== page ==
But, overall, these various thoughts and opinions started to crystallize around my own thoughts regarding how to express activity-level (or workflow) statements. I’m going to give you an example of what I did in terms of a style that seems to work for me, even though I’ve been told this is NOT a “good way to do it” by some BDD practitioners. I won’t go too much into the details of the application I’m testing but rather just give you some scenarios and show you how I evolved them as my thinking evolved.

Here were some scenarios I started out with:

Given the Location tab of a plan associated with a Phase IV no IND study
When  choosing locations
Then  the default MOH/FDA Delay for all locations and regions is zero

Given the Location tab of a plan associated with a Phase IV no IND study
When  a location is selected
Then  MOH/FDA Delay is "0"
And   Total/Avg for MOH/FDA Delay is "0"

I don’t like using first-person phrases on business-facing scenarios. So you’ll see my Given here is not “I am on the Location tab of a plan …” and my When is not “I am choosing locations”.

As I looked at these, my When felt a little sparse. The Given was saying where I was supposed to be at the start of the test and the When was saying the action to take. However, going with what I said earlier, people tend to think in terms of a workflow and that usually means that, in their mind, they wrap up “the action I’m taking” and “the place I’m taking that action” in the same context. So my above scenarios became this:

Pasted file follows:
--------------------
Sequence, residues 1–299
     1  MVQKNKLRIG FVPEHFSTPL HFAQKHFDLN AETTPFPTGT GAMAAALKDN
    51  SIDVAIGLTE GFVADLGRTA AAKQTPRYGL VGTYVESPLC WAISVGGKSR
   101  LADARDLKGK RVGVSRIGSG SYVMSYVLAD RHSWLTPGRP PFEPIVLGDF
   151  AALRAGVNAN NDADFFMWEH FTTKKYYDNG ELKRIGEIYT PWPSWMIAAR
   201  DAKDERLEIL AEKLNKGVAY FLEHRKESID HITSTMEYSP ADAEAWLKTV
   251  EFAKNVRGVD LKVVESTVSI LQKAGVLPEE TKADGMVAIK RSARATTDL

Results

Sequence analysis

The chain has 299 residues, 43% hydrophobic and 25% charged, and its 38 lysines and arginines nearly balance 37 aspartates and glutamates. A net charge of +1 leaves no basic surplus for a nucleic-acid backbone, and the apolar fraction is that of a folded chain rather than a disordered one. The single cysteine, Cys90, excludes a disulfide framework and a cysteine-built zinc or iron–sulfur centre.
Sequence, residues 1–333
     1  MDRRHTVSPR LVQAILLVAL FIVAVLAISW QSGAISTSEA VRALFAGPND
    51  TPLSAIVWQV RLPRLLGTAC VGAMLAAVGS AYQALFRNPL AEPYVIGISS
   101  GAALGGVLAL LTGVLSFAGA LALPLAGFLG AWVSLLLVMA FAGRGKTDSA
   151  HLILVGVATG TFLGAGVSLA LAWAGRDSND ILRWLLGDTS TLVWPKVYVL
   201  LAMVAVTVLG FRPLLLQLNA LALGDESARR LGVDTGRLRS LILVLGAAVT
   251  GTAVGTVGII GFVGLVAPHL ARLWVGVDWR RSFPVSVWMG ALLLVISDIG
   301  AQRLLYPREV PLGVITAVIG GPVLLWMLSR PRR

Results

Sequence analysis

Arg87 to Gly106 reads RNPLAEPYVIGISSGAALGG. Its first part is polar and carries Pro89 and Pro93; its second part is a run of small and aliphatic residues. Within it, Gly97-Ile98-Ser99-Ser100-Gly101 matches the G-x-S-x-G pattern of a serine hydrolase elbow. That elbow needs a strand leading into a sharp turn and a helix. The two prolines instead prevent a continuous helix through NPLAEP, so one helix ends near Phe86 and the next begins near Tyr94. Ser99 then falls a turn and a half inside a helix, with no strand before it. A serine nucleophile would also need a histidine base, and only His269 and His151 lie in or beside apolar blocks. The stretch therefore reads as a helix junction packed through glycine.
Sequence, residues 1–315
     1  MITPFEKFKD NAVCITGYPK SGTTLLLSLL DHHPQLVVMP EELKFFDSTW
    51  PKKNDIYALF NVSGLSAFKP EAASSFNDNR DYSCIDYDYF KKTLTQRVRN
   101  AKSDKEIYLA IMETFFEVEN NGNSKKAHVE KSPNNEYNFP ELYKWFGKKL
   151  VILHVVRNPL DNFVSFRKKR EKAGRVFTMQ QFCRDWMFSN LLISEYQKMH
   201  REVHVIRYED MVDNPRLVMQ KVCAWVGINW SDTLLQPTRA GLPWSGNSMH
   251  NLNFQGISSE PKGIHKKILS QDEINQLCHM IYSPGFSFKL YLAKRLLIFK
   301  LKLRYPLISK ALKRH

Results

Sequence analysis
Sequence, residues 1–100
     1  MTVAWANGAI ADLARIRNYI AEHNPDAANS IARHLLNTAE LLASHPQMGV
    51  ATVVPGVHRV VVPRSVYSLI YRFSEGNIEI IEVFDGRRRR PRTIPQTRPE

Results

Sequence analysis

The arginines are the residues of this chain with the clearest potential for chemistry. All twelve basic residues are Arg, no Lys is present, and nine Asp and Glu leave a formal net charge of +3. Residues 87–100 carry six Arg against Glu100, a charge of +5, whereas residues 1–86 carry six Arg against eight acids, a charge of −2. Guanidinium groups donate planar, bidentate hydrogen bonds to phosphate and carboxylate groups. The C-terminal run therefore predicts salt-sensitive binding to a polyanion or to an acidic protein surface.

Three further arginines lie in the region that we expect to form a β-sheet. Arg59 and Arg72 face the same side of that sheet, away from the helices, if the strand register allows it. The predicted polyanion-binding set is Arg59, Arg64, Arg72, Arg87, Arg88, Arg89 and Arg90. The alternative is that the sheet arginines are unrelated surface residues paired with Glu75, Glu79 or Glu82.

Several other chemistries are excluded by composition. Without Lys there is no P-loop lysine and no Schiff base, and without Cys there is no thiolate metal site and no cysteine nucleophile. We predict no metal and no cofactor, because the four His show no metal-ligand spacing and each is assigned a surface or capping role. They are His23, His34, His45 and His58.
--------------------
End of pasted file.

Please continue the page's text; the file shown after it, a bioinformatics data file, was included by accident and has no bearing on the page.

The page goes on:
When  choosing locations on a plan associated with a Phase IV no IND study
Then  the default MOH/FDA Delay for all locations and regions is zero

When  viewing selected regions on a plan associated with a Phase IV no IND study
Then  the default MOH/FDA Delay value is "0"
And   the total for MOH/FDA Delay is "0"

Here “choosing locations” and “viewing selected regions” were essentially what someone was doing. It was a domain-specific activity within our application. This activity was taking place within a specific context: in this case on a system entity called a plan. Not only that, but this was a plan that was associated with another particular system entity, a study. Not only that, but the study was of a very specific type: a Phase IV no IND study. (For those curious, this is a type of clinical trial and the IND means Investigative New Drug.) Further, the very fact that I’m “choosing locations” or “selecting regions” or “selecting locations” means I’m on the Location tab of a plan. That information is encoded within the very action we are talking about.